Managing partial response or nonresponse: switching, augmentation, and combination strategies for major depressive disorder.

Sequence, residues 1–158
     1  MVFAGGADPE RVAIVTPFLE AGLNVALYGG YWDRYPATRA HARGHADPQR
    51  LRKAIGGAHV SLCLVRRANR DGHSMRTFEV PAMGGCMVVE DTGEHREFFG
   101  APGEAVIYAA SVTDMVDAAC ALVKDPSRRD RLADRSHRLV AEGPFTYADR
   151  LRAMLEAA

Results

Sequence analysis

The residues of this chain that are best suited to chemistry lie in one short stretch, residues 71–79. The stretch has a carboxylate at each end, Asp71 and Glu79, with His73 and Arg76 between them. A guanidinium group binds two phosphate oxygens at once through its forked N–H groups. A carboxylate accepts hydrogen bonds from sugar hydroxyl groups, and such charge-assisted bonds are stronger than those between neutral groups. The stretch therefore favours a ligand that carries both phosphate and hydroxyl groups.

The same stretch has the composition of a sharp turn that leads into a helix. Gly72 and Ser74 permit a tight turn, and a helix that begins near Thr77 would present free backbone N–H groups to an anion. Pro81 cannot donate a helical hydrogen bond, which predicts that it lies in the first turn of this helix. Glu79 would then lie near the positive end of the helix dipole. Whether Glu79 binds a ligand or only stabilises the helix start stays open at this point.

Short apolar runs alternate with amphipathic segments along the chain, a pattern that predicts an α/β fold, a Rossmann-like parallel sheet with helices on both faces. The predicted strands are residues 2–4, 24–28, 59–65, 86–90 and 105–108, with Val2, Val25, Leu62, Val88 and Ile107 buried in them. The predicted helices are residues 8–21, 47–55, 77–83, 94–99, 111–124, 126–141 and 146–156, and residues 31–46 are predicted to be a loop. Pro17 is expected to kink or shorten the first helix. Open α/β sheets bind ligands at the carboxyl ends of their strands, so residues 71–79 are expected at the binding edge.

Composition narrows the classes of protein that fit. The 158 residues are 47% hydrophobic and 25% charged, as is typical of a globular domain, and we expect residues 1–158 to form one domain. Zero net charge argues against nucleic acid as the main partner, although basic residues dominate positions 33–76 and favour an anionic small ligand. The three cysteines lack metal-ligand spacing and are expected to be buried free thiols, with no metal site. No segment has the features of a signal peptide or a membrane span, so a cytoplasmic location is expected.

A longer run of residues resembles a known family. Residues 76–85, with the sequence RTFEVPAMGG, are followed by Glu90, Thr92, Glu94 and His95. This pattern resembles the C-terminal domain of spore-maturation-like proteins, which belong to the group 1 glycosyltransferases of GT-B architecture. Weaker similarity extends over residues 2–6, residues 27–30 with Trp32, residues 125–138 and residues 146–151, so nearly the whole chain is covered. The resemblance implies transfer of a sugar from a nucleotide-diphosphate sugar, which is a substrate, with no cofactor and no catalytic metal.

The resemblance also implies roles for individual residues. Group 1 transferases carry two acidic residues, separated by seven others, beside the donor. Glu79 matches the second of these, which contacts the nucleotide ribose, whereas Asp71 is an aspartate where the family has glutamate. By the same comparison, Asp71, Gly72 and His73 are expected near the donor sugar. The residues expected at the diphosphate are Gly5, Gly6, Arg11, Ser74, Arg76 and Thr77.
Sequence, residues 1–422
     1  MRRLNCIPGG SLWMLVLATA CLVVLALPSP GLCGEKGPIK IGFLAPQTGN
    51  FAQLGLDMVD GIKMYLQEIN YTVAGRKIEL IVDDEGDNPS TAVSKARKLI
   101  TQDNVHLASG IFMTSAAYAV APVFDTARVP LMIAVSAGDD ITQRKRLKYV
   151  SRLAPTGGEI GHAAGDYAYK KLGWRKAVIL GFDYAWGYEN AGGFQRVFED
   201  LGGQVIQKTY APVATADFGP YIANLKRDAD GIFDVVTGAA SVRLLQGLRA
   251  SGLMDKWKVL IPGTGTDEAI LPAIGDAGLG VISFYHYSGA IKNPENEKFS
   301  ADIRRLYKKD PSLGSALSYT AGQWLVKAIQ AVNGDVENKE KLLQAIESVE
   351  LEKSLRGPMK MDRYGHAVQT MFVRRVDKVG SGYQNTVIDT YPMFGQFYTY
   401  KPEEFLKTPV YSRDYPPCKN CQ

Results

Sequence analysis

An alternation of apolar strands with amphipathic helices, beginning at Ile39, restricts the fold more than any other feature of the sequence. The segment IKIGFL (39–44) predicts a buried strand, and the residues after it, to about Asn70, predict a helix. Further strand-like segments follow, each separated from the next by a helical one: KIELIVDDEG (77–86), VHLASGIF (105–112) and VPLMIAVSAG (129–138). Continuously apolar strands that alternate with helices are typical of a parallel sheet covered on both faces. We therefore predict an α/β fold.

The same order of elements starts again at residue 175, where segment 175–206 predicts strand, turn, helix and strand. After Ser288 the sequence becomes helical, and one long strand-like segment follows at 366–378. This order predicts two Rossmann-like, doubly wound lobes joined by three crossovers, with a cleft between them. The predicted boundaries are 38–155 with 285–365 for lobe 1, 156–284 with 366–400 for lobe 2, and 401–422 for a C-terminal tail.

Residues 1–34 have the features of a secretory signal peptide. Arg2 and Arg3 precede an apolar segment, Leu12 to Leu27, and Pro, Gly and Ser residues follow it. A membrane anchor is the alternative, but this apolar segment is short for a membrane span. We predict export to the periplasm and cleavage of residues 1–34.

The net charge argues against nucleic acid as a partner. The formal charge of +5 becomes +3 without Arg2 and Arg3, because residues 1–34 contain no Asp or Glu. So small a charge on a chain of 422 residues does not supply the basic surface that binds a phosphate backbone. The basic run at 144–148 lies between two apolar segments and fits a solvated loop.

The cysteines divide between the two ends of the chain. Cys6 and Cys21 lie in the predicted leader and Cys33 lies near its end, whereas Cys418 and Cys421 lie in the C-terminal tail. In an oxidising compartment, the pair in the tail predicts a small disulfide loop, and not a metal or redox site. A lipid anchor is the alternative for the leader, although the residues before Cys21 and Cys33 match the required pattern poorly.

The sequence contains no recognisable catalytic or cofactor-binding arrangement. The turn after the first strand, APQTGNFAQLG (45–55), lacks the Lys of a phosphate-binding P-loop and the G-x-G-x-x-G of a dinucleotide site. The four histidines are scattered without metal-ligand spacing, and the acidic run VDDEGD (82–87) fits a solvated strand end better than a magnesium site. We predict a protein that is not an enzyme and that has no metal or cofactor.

ABSTRACT Despite the multitude of agents approved for the treatment of major depressive disorder, approximately 50% of patients experience no response to treatment with a first-line antidepressant. Clinicians have 4 broad pharmacologic strategies to choose from for treating antidepressant nonresponders: increasing the dose of the antidepressant, switching to a different antidepressant, augmenting the treatment regimen with a nonantidepressant agent, and combining the original antidepressant with a second antidepressant. To date, the most comprehensively studied treatment strategy for nonresponse or partial response to antidepressants is augmentation with atypical antipsychotic agents, including aripiprazole, olanzapine, quetiapine, and risperidone. However, augmentation or combination with other agents such as mirtazapine, mianserin, and omega-3 fatty acids is also supported by considerable efficacy data. Lithium, desipramine, triiodothyronine, and modafinil have mixed data. While more studies are needed, agents such as bupropion, desipramine, mecamylamine, and testosterone look promising. Switching antidepressants, especially to the newer agents, including selective serotonin reuptake inhibitors, bupropion, mirtazapine, and venlafaxine, is also supported by considerable efficacy data. Clinicians should carefully reevaluate patients with major depressive disorder who are nonresponders to treatment, particularly those who have had several adequate trials. When choosing the best treatment strategy for antidepressant nonresponders, clinicians should take into account the efficacy and tolerability of treatment as well as patient preference and treatment history. Finally, the risk of potential loss of partial therapeutic benefit from the first-line antidepressant, as well as the risk of withdrawal symptoms, should be taken into account when considering switching antidepressants, while the risk of drug interactions and poor adherence should be taken into account when considering combination and augmentation treatments.